Kearney Public Library, UNK-History Department and History Nebraska welcome you to the ongoing history brown bag lunch series Wednesday, November 13 from noon - 1:00 p.m. Dr. Nathan Tye will present “Confronting the ‘Annual Plague of Hobos’: The History of Transient Labor in Nebraska, 1870-1930”.
Hobos, tramps, and bums – men and women who hopped trains and lived on the road – were integral to Nebraska’s agricultural economy from the 1870s to 1930s. Hobos harvested wheat, shucked corn, laid steel rails, and fulfilled the state’s need for seasonal casual labor. Dr. Nathan Tye will share his insights into the maligned and romanticized lives of these figures and their larger place in Nebraska’s history.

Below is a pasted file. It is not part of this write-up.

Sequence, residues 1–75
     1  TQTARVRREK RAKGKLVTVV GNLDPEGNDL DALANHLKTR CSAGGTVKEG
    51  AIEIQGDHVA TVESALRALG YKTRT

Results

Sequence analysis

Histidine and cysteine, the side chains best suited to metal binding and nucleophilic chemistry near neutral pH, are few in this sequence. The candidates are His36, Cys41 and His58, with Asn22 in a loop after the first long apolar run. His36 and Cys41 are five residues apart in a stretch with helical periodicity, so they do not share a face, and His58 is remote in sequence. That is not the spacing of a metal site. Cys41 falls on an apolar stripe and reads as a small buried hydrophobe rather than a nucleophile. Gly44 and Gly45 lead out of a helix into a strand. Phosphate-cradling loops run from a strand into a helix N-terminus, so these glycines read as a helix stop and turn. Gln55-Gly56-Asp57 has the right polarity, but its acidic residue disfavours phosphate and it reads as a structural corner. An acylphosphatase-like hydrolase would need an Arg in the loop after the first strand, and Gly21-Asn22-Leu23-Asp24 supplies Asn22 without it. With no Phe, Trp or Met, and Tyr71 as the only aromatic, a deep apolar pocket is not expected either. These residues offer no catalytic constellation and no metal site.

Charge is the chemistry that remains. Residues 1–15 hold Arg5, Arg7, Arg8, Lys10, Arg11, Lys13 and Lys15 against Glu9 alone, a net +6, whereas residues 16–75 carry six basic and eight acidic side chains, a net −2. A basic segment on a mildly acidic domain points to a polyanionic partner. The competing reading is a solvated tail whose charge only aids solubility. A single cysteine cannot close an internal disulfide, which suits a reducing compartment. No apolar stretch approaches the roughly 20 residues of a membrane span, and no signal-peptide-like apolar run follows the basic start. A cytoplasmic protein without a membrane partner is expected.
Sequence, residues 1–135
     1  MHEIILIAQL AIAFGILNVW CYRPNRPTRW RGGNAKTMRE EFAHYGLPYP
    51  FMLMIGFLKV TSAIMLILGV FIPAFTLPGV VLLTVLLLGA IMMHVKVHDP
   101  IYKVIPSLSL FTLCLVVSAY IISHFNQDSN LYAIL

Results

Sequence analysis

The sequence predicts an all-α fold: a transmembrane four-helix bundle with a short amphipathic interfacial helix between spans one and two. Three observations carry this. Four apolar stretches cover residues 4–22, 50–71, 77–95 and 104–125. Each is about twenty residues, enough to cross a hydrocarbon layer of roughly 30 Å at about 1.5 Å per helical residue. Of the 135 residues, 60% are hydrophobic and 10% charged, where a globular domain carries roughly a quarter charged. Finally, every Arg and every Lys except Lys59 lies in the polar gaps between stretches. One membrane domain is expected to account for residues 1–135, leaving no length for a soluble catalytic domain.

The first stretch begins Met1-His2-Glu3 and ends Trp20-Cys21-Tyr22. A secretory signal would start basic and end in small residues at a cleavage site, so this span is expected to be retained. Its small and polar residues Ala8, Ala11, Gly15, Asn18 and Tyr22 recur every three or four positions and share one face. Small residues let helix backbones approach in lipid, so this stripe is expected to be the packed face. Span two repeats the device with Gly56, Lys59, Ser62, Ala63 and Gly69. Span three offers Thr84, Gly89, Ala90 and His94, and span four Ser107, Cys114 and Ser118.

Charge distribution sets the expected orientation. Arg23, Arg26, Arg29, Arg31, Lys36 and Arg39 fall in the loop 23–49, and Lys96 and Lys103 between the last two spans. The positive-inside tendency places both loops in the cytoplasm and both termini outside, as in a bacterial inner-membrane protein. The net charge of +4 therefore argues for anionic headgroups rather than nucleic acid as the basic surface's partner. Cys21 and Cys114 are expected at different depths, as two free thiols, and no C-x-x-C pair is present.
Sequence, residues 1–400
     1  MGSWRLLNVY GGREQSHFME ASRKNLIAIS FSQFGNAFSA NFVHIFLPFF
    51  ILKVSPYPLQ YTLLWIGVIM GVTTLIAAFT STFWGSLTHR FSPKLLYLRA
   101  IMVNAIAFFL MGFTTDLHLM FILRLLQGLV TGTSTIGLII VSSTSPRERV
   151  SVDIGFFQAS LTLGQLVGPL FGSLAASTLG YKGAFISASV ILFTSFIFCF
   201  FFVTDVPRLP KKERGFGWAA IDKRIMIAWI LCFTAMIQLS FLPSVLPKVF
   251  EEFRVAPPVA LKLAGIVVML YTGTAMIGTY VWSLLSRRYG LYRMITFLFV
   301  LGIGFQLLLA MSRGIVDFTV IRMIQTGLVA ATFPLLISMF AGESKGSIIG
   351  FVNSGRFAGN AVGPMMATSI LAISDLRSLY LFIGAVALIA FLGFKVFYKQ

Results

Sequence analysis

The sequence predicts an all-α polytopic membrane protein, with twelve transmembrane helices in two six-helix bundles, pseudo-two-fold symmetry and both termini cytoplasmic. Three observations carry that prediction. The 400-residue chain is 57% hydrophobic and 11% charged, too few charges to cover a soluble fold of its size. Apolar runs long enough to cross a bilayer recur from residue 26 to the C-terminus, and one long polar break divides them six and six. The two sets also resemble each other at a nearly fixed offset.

Dr. Nathan Tye is an assistant professor of history at the University of Nebraska at Kearney, where he specializes in the history of Nebraska and the American West, and teaches courses on Nebraska, Midwestern, public and digital history. Tye received his Ph.D. from the University of Illinois at Urbana-Champaign and has published on hobos in Nebraska and the Midwest, Kearney history, and the Catholic activist Dorothy Day.
This program is free and open to the public so bring your lunch and learn! This collaborative program is presented by UNK-History Department, History Nebraska, and the Kearney Public Library.